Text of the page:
devilEmotions are a natural part of who we are as human beings. Sometimes our emotions are positive and upbeat and other times they are negative and make us feel depressed, sad or angry and those emotions affect our attitude or state of mind. Often we can let our emotions get the best of us and getting a handle on those emotions can be difficult. Driving when our emotions are running high can be a dangerous practice, particularly for a novice driver. A teenager’s brain is still developing and they are vulnerable to their emotions and emotions of others. Avoiding getting behind the wheel when our emotions are running high and have control of us is the right choice to make for our own safety and the safety of others.

When we think of “distracted driving” we normally think about cell phones, but in reality distracted driving is more than just talking or texting on your cell phone. There are three different types of distractions that all drivers experience. Visual, manual and cognitive distractions. An easier way to remember these is to think eyes, hands, head. Many times it is a combination of these types of distractions that occur. Driving while extremely emotional is a form of distracted driving. A visual distraction takes a driver’s eyes away from the road to view something outside or inside of our vehicle. A manual distraction requires a driver to remove one or both hands from the steering wheel. Cognitive distractions are the most difficult to define as well as to eliminate. To be cognitive, in the context of driving, means to be fully aware of the vehicle, its speed and other operational characteristics as well as the ever-changing roadway environment. When we are splitting our attention between driving and a conversation on the phone with someone else, possibly fueling our emotion, that is a cognitive distraction and takes our full attention away from the road. Even having a “conversation in our head” about whatever is going on in our life can be a significant distraction and can cause us to miss important information such as a stopped vehicle or a red light. It may also cause us to overreact to other drivers and we may engage in risky behaviors such as cutting someone off or tailgating. This is why cognitive distractions or “keeping our head in the game” and fully focused on driving can be very difficult.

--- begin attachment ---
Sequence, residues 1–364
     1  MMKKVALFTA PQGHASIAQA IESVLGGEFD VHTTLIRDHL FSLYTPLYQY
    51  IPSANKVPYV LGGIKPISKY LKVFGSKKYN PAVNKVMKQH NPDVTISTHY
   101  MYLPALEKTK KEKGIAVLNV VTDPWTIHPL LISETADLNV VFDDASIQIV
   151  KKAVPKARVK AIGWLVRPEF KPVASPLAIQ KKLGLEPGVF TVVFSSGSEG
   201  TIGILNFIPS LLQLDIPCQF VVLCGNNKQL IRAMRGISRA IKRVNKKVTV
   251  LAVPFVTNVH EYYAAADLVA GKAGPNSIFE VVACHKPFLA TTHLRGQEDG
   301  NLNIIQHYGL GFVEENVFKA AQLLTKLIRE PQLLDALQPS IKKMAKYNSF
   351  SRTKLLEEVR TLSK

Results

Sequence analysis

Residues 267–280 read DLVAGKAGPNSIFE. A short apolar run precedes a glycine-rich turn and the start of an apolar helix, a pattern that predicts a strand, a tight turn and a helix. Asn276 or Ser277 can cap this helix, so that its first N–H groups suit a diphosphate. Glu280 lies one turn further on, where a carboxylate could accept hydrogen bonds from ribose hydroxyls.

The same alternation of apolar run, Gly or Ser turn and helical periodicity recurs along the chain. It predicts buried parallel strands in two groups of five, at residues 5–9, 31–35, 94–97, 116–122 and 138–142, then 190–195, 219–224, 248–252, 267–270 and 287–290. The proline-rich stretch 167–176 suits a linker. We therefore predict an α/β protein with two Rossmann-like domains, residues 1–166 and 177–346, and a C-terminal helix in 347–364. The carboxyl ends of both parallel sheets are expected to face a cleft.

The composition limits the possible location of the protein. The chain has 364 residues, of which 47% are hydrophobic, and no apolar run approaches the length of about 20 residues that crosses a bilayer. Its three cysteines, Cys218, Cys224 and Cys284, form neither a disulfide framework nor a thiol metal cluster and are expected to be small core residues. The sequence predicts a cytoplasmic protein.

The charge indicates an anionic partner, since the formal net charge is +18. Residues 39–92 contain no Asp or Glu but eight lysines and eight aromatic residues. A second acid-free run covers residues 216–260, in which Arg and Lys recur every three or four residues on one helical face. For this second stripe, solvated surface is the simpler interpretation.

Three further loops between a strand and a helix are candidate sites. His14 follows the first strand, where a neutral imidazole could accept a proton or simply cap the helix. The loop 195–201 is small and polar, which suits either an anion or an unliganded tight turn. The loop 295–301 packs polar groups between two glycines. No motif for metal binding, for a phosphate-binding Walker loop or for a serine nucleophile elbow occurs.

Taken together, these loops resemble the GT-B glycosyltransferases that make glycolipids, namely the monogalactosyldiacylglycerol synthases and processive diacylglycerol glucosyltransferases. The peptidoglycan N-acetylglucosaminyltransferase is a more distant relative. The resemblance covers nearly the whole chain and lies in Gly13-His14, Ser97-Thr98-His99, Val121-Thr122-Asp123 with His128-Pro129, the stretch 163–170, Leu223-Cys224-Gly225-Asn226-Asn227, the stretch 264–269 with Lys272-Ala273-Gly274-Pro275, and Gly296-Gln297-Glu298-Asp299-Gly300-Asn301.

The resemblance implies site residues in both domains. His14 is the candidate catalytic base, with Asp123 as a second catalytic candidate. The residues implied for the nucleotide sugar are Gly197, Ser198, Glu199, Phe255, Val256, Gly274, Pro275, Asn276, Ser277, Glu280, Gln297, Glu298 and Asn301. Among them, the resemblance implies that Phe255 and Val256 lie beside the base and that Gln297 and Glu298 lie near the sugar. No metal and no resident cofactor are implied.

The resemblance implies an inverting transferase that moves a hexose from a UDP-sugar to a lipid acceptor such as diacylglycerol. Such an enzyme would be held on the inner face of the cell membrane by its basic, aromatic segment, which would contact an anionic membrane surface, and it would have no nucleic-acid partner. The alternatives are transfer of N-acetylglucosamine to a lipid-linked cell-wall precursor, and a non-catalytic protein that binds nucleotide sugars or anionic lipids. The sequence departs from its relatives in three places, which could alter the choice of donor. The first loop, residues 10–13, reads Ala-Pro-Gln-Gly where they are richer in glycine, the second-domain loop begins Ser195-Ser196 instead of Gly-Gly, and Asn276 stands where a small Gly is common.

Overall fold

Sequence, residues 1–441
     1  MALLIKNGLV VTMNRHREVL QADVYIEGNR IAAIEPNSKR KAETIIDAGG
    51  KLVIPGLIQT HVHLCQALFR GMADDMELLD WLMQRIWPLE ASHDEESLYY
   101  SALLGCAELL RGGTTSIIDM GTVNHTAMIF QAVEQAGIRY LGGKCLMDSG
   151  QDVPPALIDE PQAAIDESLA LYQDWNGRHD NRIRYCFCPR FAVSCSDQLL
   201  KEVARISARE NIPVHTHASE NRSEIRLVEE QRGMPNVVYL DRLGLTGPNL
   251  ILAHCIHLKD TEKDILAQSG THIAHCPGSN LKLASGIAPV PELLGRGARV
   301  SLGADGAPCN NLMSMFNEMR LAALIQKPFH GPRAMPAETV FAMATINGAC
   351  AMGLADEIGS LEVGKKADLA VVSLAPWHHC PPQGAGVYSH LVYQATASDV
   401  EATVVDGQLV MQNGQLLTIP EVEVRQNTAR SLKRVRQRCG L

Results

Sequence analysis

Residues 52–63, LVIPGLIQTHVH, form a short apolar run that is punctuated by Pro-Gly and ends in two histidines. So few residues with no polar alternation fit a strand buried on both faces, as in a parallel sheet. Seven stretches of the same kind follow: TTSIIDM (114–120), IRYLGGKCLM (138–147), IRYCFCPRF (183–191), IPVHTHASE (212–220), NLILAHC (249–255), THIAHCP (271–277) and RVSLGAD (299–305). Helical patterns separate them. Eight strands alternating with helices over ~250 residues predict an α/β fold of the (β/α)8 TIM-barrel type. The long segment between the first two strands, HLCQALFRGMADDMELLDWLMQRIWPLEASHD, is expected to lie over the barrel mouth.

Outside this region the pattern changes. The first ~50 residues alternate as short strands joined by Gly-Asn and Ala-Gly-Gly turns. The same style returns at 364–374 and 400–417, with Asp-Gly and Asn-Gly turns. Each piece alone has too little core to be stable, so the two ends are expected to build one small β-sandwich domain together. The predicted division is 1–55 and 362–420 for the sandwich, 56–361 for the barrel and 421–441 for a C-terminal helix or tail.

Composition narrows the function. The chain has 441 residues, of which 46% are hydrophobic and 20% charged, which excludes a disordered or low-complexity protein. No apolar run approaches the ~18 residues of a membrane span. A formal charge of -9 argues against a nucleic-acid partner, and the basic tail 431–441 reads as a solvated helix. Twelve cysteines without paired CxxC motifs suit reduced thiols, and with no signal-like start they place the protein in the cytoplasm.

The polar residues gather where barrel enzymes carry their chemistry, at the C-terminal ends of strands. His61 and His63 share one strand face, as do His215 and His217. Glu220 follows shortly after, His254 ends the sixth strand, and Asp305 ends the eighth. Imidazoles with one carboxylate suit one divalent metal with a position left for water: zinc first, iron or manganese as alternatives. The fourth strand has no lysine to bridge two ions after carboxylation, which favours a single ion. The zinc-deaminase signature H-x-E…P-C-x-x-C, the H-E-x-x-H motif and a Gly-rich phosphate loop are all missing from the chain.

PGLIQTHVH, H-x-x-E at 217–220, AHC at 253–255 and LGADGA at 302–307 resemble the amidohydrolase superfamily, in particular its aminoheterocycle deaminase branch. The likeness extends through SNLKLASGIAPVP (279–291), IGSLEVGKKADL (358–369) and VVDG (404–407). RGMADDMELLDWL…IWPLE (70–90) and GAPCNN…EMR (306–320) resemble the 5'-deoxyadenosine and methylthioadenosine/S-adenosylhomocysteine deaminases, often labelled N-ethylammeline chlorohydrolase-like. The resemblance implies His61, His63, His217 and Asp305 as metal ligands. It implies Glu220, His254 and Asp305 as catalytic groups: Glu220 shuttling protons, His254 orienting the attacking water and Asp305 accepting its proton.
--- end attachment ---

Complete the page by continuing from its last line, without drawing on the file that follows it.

How can we avoid driving when we are emotional? The first step is to be aware of our emotional make up. Ask yourself, am I someone who is easily excited either positively or negatively? Knowing this helps us to identify our emotional state quickly and make choices about how to handle a situation, particularly if driving is involved. If you need to drive, perhaps you can ask someone else to drive you to where you need to go. If that isn’t an option then take a minute or two, quiet your mind, close your eyes and take a deep breath to regain composure before you even start the vehicle. We can’t always control what happens to us, but we can control how we respond to it and knowing when our emotions have control is the first step in avoiding making poor choices because of our emotional state. Driving with our head in the game is the safe and responsible decision.